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Connor’s Cause. Stick it to Producer Micah by making a donation and he’ll make a donation in your name.
Every day here at Grandex we make dreams come true. Readers like you submit videos, photos, stories, and more to us and we share them with the world. Every time we publish a video like this, this, or even a Fail Friday moment like this, we give you, the reader, a small amount of pride, notoriety, or even fleeting fame. We’re not changing the world here, but we are bringing joy, if only for a moment.
Now, imagine a time before Twitter, Instagram, or Snapchat. On April 7, 2005, Facebook was called thefacebook and looked like this:
Something very special happened that day. Before there was even a single video on YouTube, and five full years before TFM existed, there was one destination to watch dumb videos on the internet: collegehumor.com. I don’t remember how you submitted or how they approved and posted content, but I do remember crowding around the KA house library computer to watch this video with half my pledge class:
Nope. No audio. That video was shot on a state-of-the-art camera, too. The video is titled, “Guy takes 13 shots in 20 seconds and lives to tell the story.” The caption reads: Everybody would be clapping if they didn’t have forties taped to their hands.
Eventually, you’ll know tragedy. Everyone does. I don’t write this to be morbid, but it’s simply a fact. It sounds corny, but fraternity brotherhood is a lifelong thing. I saw it growing up when my father’s fraternity brother had a health scare. The old fraternity guys came together. It was more than just a friend who needed help; it was a family duty — there was no second thought. Get in the car, hop on a plane — get there, be there, and do what you can.
We’ve all come together plenty of times since that College Humor video. The good times were celebrated at tailgates, Homecomings, bowl games, road trips, weddings, and bachelor parties. We were together for big life events: baby showers, baptisms, and the SEC Championship Game. We’ve lost some parents and other loved ones, but it’s been mostly celebrations since college.
That maniac in the College Humor video is my pledge brother Neil Voigt. He hasn’t popped his collar like that in a long time (2005 was a dark time for fraternity fashion). We call Neil “Boxhead” because his head is square. It’s really incredible. Anyway, Neil is quite a character. It’s always fun to be around Neil and his family. A few years back, Neil married way out of his league. Despite being a Kansas grad, his wife Whitney, a Kappa Kappa Gamma, is pretty much an angel — and you’d have to be to put up with Neil’s antics.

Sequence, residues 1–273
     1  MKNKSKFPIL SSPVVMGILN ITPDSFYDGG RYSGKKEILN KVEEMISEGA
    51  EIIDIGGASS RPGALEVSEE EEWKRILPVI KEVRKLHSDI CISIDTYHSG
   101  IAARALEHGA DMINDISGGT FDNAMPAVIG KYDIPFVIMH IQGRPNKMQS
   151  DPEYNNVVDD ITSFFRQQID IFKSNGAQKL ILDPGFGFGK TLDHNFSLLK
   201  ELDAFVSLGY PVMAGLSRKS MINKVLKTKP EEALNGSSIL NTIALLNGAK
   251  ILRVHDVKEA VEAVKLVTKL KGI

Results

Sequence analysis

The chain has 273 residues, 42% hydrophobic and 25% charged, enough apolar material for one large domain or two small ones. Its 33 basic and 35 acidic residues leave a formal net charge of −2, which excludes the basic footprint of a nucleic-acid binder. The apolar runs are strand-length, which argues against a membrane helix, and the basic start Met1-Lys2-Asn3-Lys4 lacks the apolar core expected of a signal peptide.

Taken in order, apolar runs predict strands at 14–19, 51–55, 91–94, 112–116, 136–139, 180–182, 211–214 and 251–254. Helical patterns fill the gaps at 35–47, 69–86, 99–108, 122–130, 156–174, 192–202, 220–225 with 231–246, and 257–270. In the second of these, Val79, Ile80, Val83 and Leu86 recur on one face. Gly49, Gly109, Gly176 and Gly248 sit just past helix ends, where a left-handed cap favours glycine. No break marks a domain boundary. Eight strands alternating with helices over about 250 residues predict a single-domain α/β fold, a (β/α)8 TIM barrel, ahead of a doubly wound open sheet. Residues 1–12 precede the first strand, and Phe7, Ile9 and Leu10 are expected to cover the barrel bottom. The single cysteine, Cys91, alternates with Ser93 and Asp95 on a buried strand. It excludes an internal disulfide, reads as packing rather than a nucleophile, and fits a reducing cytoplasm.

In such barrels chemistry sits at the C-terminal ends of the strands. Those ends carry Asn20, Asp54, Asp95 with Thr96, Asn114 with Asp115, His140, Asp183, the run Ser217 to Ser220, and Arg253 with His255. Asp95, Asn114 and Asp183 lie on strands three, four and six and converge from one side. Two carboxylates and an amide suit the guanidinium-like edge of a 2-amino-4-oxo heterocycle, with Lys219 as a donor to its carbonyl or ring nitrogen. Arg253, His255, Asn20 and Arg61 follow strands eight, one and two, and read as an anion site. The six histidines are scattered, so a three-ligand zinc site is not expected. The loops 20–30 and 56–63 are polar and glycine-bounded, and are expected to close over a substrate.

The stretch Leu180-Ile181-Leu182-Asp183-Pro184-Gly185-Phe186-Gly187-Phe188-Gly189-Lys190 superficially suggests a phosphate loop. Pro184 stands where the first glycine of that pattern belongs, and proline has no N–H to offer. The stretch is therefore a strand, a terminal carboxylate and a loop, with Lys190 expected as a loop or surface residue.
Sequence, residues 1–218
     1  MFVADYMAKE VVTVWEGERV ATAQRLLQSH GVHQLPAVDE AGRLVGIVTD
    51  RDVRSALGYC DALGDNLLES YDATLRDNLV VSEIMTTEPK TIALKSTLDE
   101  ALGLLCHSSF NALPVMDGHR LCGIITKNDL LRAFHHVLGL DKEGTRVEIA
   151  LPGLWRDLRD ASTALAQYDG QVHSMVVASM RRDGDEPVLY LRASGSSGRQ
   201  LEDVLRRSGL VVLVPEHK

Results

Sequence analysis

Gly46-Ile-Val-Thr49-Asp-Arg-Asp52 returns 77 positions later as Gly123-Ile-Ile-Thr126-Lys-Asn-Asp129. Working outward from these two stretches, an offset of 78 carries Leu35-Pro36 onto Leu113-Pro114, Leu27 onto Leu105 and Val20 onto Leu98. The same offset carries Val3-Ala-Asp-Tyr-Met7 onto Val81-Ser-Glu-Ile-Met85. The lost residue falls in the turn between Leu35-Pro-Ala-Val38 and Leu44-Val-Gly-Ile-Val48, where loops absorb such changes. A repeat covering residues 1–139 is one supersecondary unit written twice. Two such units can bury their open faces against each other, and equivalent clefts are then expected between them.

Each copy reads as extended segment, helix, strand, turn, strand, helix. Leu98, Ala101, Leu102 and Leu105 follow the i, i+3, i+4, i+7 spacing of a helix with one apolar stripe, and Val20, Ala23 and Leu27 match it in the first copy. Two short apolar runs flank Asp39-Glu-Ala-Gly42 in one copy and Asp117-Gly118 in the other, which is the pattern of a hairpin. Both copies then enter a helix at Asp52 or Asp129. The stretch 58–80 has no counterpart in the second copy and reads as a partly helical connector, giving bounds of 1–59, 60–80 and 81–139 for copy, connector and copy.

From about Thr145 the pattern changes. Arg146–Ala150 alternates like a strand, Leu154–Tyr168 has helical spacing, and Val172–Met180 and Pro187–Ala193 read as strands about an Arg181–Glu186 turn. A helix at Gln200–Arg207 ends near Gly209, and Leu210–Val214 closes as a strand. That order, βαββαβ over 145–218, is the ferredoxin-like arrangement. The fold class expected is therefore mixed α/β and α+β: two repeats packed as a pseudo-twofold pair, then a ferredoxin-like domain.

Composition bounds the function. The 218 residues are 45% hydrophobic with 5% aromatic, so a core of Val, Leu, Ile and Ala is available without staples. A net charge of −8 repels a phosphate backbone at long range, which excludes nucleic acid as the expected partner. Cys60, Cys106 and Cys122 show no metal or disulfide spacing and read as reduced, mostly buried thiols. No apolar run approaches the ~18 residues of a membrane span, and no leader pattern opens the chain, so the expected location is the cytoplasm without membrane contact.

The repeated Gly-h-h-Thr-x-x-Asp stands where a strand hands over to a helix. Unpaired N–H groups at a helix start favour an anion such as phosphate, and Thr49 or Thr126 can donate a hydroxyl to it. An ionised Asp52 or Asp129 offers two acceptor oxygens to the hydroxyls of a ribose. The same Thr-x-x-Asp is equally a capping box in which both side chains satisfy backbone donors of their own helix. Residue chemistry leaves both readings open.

A couple years after the wedding, Neil and Whitey were expecting. So here’s where the story turns. From Connor’s Cause:
FOR MOST ANYONE, TUESDAY, APRIL 28TH, 2015 WAS A NORMAL DAY. HOWEVER, FOR US, ON THIS DAY AT 11:21AM OUR LIVES WERE FOREVER CHANGED, COURTESY OF A 7LB 14OZ HERO NAMED CONNOR RAYMOND VOIGT.
MONTHS BEFORE HIS BIRTH, WE LEARNED THAT CONNOR HAD SEVERE HYDROCEPHALUS (INCREASED CEREBROSPINAL FLUID ON THE BRAIN). IT WAS A CONDITION THAT WOULD REQUIRE SURGERY ON THE SECOND DAY OF HIS LIFE, AND IT WOULD BE THE FIRST OF MANY UNIMAGINABLE CONVERSATIONS TO COME. SOON ENOUGH, THOSE CONVERSATIONS WOULD SNOWBALL TO A CRESCENDO OF FEAR AND UNCERTAINTY.
Unimaginable. Through the diagnosis and the pregnancy, Neil and Whitney kept family and friends updated about the uphill battle to come. Connor and his family fought the Hydrocephalus and other complications. The Voigts put their lives on hold to find the best doctors and treatments for Connor. But there was more bad news.
AT THREE MONTHS OLD, CONNOR WAS DIAGNOSED WITH A RARE AND SEVERE FORM OF CONGENITAL MUSCULAR DYSTROPHY, KNOWN AS WALKER-WARBURG SYNDROME. A LIFE-LIMITING DISEASE WITH NO CURE, WALKER-WARBURG OPENED OUR EYES TO A NEW REALITY. A REALITY WE DIDN’T WANT TO ACCEPT.
There were more surgeries and more hospital stays, more email updates and group chats. The dreaded news came. Connor was gone.
THE FACT IS, CONNOR TAUGHT US MORE IN HIS SEVEN MONTHS ON THIS EARTH THAN MOST WILL LEARN IN AN ENTIRE LIFETIME. HE TAUGHT US THE TRUE MEANING OF BEING GRATEFUL, SHOWED US THE POWER OF STRENGTH AND LOVE, INSPIRED US TO HELP OTHERS IN SIMILAR SITUATIONS, AND IF THOSE WEREN’T ENOUGH, HE PAVED THE WAY FOR THE FUTURE OF HIS OWN FAMILY.
Tragedy had struck our KA family in a way it hadn’t before. We didn’t ask permission to take off work to travel to St. Louis or fill out any vacation request forms. There was a death in the family. Get in the car, hop on a plane. Get there, be there, and do what you can. People came from all over the country.
This weekend, we’ll come together again. Neil and Whitney created Connor’s Cause, a charity to honor Connor’s memory and help other families in need. Whether it’s donating meals or purchasing special needs equipment, the mission is to help families fight tragic diagnoses through local organizations. This Friday, on Connor’s birthday, we’ll come together to celebrate his life, and help others, at the first annual Connor Classic.
As unimaginable as Neil and Whitney’s story was, it’s a heartbreaking reality for parents all across the country, every day. Parents give up their jobs and put their careers on hold to take care of sick children who can’t take care of themselves. Hours are spent in hospital waiting rooms, and medical bills add up.
A $5 donation might buy an exhausted parent a much needed meal. A $50 donation could help buy equipment to help keep a child alive and make life easier for a desperate parent. $100. $500. Every dollar helps and all donations are tax deductible. Click here to donate. Plus, for every reader who donates, I’ll personally make a donation in your name. Just leave a banana emoji (or write TFM) and your name in the text form.
Click here to read more about Connor’s Cause.
Click here to donate..